It’s nothing new for the Guardian to say the climate is approaching a scary tipping point. But would you believe five tipping points? Yet there it is: “World on brink of five ‘disastrous’ climate tipping points, study finds”. Which is also an impressive feat of mangling metaphors because once you tip over and fall, what can another tipping point mean? That you hurtle sideways? And if you’re thinking being on the brink isn’t the same as it being all over, the piece immediately continues “Giant ice sheets, ocean currents and permafrost regions may already have passed point of irreversible change”. So we’re on the brink and past it, falling fast and entering the fifth dimension. Maybe. Brutal.
That the story is implausible may go without saying. But we’ll say it anyway. The text begins “The climate crisis has driven the world to the brink of multiple ‘disastrous’ tipping points, according to a major study. It shows five dangerous tipping points may already have been passed due to the 1.1C of global heating caused by humanity to date.” Which passes two scientific-gibberish tipping points because, first, no reputable scientist believes that humanity caused the entire small increase in global blazing away since the mid-19th century and, second, if 1.1° of warming could demolish the ecosystem it never would have made it this far anyway.
Still, if you’re wondering from which directions doom will converge on your hapless self, the “tipping points” include “the collapse of Greenland’s ice cap, eventually producing a huge sea level rise, the collapse of a key current in the north Atlantic, disrupting rain upon which billions of people depend for food, and an abrupt melting of carbon-rich permafrost.” Which is only three but never mind because:
“At 1.5C of heating, the minimum rise now expected, four of the five tipping points move from being possible to likely, the analysis said. Also at 1.5C, an additional five tipping points become possible, including changes to vast northern forests and the loss of almost all mountain glaciers.”
An additional five? How many is that?
Math being hard, at least for alarmists, it’s not 10 as you might naively have thought. Rather, “In total, the researchers found evidence for 16 tipping points, with the final six requiring global heating of at least 2C to be triggered, according to the scientists’ estimations. The tipping points would take effect on timescales varying from a few years to centuries.” So forget that fear of gravity as you drift gently downward over centuries.
Also forget history as well as science. “‘The Earth may have left a “safe” climate state beyond 1C global warming,’ the researchers concluded, with the whole of human civilisation having developed in temperatures below this level.” Oh really? So we didn’t invent agriculture and cities at the peak of the Holocene Climatic Optimum, considerably warmer than today, and writing and metallurgy toward its end when it was still warmer than today? Though not as warm as during the subsequent Minoan Warm Period, despite which the planet somehow avoided this whole panoply of “multiple dangerous tipping points that will be disastrous for people across the world” in the words of one researcher quoted in the Guardian.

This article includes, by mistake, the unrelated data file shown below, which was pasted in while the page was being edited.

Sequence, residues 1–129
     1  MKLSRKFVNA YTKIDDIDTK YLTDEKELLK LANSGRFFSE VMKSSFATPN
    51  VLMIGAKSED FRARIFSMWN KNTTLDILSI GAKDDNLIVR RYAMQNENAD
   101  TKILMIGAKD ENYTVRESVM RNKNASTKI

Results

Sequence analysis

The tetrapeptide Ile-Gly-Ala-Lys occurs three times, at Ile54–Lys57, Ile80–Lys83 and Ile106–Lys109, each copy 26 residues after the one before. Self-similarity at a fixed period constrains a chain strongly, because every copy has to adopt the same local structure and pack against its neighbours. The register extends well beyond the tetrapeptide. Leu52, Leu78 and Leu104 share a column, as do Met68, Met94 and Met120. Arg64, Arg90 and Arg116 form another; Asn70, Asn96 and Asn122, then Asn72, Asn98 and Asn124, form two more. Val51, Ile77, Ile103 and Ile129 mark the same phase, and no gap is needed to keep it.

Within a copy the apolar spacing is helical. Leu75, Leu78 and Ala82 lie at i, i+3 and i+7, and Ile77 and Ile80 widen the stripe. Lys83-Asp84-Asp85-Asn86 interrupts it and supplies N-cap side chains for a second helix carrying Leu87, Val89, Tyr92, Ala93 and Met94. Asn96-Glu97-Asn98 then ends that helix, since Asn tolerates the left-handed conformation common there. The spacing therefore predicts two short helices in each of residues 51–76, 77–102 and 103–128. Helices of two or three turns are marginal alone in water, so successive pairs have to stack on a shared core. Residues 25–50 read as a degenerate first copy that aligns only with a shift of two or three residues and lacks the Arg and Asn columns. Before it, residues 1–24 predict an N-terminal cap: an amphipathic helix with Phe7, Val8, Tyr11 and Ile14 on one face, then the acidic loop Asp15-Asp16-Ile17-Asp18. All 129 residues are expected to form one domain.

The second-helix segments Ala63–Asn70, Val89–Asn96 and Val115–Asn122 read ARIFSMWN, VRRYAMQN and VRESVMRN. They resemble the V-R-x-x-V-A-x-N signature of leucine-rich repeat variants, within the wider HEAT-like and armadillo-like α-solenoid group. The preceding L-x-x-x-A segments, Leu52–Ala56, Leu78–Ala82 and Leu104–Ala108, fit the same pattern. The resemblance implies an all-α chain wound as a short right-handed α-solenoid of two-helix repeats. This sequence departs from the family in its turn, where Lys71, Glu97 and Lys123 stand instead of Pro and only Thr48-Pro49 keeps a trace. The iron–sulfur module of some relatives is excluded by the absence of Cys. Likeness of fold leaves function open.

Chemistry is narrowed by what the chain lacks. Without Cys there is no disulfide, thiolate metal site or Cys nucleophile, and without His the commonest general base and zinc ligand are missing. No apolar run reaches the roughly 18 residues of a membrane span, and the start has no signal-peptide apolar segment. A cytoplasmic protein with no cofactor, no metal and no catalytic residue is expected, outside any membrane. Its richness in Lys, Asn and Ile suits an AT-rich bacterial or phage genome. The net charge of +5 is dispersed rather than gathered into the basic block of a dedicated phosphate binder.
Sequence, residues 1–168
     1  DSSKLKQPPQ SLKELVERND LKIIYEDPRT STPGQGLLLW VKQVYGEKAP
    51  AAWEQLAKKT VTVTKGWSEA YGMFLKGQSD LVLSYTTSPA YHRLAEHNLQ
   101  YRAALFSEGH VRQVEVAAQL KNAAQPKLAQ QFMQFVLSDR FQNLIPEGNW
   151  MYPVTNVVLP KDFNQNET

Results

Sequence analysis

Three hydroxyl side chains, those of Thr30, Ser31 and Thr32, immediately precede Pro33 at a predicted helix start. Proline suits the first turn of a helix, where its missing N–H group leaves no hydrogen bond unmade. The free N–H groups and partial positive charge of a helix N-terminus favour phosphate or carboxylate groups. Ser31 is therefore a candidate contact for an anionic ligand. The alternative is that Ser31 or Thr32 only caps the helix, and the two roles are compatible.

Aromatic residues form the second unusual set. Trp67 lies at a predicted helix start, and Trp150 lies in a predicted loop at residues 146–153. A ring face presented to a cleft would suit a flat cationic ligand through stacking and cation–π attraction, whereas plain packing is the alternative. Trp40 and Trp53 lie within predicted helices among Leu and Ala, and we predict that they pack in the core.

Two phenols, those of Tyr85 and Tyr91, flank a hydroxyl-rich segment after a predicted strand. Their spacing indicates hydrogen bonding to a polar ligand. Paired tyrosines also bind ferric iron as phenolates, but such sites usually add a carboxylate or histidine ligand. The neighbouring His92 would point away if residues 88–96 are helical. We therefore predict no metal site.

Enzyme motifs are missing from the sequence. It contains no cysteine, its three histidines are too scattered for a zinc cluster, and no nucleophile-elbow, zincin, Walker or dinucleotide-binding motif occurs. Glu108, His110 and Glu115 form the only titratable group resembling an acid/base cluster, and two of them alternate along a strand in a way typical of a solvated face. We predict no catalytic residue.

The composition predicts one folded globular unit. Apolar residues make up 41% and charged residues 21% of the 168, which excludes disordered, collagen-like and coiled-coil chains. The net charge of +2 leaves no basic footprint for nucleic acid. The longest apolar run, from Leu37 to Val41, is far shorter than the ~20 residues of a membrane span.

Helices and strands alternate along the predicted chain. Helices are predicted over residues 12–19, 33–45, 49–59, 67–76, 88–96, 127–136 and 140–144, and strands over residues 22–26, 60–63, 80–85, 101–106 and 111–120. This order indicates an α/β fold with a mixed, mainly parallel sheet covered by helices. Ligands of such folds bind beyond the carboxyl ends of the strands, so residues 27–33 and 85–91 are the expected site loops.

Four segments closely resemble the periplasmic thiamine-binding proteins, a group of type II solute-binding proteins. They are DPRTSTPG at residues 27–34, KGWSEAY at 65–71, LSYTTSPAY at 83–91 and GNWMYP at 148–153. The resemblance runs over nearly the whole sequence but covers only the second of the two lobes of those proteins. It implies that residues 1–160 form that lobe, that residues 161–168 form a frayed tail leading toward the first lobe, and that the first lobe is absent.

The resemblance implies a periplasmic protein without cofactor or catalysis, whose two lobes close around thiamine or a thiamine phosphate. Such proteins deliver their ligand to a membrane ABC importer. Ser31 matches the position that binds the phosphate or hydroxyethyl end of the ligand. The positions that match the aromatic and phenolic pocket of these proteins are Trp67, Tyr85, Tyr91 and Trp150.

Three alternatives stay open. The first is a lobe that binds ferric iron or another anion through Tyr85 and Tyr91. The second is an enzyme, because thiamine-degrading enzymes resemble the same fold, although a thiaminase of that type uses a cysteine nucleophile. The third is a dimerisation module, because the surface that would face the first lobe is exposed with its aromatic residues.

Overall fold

Still, must have more adrenaline. Thus “Passing one tipping point is often likely to help trigger others, producing cascades. But this is still being studied and was not included, meaning the analysis may present the minimum danger.” So the minimum danger is 16 cascading tipping points of deathly doomhoodship. Or just of journalists babbling at a bemused public. Including USA Today, which did manage to count to 16 but insisted that a few tenths of a degree and we were going down, up and sideways in a handbasket: “An international team of scientists looked at 16 climate tipping points… None of them are considered likely at current temperatures, though a few are possible. But with only a few more tenths of a degree of warming from now, at 2.7 degrees Fahrenheit warming since pre-industrial times, four move into the likely range, according to a study in Thursday's journal Science.”
The melting of Greenland, stopping the North Atlantic Current and melting of permafrost can't all happen at the same time. If the current stops, warm water will stop moving to the north meaning colder weather for Greenland and northern permafrost; thus stopping melt and even possible growth of Greenland ice and permafrost lands.
Since the “scientists” who say have not made a correct prediction so far, maybe we shouldn’t worry too much…especially since, as highlighted above, none of this has happened when historically temperatures warmed more than they have during this warming cycle.